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The Western Front - Sources

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Coursework 1: The Western Front - Sources 1. Source A is an extract from a textbook for use in British schools. This means that ideas conveyed in this extract may have been simplified for children to understand. It may also have an unconsciously biased interpretation because a British historian wrote it. During his upbringing and education he may have had views on the Somme inflicted on him which were biased and inaccurate causing his interpretation of sources to be biased. Despite this because it was written sixty years after the event it is talking about, the author should have been able to access all relevant information and from this produce an unbiased and accurate textbook. If the information he used for research was biased and inaccurate than this would affect the accuracy of the textbook. This extract contains the word 'slaughter' twice, which has connotations of soldiers being like animals being butchered. It also shows that the author of the source is writing emotively. Source B is a photograph, this means that it is a picture of an event that actually happened. It was taken in September 1916, which was during the battle of the Somme. However photographs have limitations. ...read more.


therefore giving source E a far more accurate description of Haig's character. Despite the probable extensive research carried out by the author of source E, he still gives a balanced description of Haig and does not incorporate his on views on Haig. " The full horrors of the First World War make it difficult to reach a clear verdict on Haig." However the author of source D seems to make his personal views on Haig clear. At one point, his own description of Haig, "...his belief that he had been chosen by God to serve his country." Makes Haig sound extremely arrogant and suggests that Haig likened himself to a king chosen by the divine right. Sources D and E give very different views on Haig. This may be because Source E was researched with more detail. Another possible reason for the two different descriptions of Haig's character may be that the author of source D was a pacifist, this means he objects to war of any kind and in his eyes Haig would be a butcher. Haig is also a character who provokes emotion. ...read more.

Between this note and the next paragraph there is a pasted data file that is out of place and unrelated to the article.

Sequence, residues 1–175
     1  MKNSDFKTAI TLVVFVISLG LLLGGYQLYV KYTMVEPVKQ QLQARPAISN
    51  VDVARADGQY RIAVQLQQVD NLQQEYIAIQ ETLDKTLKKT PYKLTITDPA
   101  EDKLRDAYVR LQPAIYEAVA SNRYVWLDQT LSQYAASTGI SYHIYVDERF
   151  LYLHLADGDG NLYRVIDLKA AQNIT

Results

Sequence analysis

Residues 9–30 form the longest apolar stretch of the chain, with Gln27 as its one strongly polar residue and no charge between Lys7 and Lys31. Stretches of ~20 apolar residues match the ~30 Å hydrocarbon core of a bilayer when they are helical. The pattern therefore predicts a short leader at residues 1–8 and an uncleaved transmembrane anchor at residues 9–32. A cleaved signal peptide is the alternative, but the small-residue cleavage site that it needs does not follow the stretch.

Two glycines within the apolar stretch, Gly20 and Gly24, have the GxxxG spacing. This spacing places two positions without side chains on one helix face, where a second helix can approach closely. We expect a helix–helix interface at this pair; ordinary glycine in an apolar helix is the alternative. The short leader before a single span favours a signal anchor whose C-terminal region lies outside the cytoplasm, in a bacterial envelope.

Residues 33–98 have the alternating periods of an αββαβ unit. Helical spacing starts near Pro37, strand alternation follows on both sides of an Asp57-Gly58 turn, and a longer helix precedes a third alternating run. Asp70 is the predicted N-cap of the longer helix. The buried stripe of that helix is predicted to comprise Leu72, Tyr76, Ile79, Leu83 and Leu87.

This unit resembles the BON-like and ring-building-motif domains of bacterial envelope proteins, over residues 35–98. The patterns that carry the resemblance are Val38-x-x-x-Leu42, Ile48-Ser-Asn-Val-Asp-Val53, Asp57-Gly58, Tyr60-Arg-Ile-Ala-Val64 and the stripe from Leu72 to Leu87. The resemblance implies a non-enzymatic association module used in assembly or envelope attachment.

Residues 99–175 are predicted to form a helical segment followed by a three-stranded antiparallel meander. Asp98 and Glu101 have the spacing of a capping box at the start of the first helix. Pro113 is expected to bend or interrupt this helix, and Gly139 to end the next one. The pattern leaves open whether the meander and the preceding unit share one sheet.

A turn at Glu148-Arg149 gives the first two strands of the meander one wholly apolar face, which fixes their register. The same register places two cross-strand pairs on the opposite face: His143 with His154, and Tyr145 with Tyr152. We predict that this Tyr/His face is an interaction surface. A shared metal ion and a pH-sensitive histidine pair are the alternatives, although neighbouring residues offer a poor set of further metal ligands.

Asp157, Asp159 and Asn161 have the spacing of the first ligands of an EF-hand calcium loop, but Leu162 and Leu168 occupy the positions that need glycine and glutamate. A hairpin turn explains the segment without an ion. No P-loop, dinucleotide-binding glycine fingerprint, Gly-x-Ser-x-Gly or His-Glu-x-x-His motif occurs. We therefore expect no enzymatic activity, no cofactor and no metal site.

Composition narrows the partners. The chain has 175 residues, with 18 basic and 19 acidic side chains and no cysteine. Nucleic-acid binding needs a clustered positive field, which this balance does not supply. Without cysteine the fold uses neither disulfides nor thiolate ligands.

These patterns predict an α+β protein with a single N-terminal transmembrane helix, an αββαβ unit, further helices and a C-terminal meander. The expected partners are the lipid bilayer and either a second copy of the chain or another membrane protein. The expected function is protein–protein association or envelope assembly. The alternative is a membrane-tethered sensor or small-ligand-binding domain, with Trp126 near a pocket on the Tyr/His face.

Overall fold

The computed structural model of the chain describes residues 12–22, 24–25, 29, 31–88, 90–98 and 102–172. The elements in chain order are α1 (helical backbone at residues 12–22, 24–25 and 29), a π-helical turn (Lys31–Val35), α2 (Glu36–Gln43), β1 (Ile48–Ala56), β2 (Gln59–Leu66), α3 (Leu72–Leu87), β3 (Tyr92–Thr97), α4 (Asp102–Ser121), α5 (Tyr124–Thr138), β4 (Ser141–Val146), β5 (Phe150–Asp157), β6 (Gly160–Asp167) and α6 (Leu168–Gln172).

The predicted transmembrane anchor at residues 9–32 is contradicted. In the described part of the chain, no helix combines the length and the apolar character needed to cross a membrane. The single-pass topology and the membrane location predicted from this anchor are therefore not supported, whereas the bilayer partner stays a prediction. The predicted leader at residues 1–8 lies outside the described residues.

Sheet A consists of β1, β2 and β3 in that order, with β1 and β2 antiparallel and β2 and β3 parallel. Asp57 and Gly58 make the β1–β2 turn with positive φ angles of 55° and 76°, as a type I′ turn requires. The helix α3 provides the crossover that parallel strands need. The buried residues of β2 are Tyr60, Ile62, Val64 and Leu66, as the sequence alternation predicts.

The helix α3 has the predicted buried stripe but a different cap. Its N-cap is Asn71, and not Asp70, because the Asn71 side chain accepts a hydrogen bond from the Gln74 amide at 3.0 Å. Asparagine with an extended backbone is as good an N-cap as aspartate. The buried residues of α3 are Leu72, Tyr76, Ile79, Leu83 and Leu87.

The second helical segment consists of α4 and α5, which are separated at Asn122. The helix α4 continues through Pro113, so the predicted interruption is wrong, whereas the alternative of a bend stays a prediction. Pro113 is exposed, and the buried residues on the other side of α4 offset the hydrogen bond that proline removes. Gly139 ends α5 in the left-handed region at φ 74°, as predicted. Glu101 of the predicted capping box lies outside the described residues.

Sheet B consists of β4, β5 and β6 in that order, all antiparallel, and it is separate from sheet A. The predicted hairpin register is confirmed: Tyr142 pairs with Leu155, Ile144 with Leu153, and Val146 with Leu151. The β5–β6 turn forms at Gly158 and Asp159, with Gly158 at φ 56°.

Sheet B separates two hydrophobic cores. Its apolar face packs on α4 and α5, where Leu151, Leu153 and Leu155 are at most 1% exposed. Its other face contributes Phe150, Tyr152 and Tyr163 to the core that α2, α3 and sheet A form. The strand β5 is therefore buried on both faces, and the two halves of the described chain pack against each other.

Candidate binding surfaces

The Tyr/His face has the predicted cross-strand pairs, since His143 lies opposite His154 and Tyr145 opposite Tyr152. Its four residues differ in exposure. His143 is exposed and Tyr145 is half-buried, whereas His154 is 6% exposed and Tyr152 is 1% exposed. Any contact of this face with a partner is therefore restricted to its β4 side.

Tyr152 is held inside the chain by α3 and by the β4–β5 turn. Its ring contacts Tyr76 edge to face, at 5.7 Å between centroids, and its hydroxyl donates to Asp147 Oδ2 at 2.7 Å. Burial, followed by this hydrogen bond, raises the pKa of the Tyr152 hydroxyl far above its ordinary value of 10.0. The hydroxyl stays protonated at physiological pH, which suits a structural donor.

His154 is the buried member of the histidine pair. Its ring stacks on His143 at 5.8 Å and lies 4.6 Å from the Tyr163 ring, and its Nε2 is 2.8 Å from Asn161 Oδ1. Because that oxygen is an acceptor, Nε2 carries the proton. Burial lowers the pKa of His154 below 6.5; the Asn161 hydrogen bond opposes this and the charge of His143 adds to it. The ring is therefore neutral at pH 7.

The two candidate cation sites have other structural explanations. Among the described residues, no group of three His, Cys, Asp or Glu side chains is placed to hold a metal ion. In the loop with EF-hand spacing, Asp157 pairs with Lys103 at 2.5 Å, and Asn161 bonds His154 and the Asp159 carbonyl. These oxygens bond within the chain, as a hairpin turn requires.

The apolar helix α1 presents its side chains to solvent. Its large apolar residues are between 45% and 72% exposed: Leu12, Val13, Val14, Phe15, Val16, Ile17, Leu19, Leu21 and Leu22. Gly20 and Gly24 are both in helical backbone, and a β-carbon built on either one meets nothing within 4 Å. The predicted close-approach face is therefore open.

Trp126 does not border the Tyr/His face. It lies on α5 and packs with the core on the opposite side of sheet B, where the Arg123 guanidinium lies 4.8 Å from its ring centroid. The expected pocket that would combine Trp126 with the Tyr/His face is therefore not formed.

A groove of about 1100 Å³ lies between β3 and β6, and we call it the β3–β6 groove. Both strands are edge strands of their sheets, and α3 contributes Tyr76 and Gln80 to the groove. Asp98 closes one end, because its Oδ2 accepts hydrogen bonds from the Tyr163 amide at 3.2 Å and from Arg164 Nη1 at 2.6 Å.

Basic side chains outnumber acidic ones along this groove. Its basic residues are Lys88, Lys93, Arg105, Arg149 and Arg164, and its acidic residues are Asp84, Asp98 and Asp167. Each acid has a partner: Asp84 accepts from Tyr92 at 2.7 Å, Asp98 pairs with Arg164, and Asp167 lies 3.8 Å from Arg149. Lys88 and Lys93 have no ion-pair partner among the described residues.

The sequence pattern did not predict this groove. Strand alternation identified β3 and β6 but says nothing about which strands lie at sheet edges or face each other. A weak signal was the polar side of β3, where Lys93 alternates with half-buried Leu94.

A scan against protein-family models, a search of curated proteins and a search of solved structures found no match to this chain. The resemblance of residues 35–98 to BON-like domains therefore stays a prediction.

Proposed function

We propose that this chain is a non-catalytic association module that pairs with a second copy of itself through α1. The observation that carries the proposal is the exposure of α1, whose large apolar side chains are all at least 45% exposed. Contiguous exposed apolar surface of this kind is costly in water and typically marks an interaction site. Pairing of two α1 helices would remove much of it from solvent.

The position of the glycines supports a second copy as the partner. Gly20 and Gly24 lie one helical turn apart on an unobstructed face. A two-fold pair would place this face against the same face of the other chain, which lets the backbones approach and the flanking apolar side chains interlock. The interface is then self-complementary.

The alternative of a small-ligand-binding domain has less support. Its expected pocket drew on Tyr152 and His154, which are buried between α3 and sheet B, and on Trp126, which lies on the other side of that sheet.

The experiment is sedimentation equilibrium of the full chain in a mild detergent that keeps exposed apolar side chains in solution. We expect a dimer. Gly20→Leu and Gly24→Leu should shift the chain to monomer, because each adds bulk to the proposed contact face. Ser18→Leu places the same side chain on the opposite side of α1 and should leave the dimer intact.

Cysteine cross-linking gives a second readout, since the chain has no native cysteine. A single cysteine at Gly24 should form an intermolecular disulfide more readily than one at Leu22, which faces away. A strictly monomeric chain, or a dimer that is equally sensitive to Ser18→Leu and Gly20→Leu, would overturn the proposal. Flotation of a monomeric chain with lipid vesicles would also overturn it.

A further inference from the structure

What parts were not shown because it may be distressing or encourage anti-war behaviour is not known. The scene in which the soldiers go over the top appears to have been staged, but this is probably because it could not have been filmed any other way. Most importantly it is not the level of conscious biased used when filming and editing the source. The film would have been no use if it discouraged support for the war. Despite this the source is very useful its strengths far out weighing its weaknesses. 6. There are a wide variety of sources; some are more useful to than the others to help me understand why the war on the Western Front lasted so long. The sources can contradict each other making it difficult to know which source is accurate. Source A seems to suggest that the British were disorganised, causing the death of many soldiers, a reason why the war lasted so long. It also seems suggest that the Germans were the stronger side. This source should be well researched as a historian wrote it. From my previous research I feel that the source is accurate when it is implying that the British were disorganised but I disagree that the Germans were stronger than the British. ...read more.

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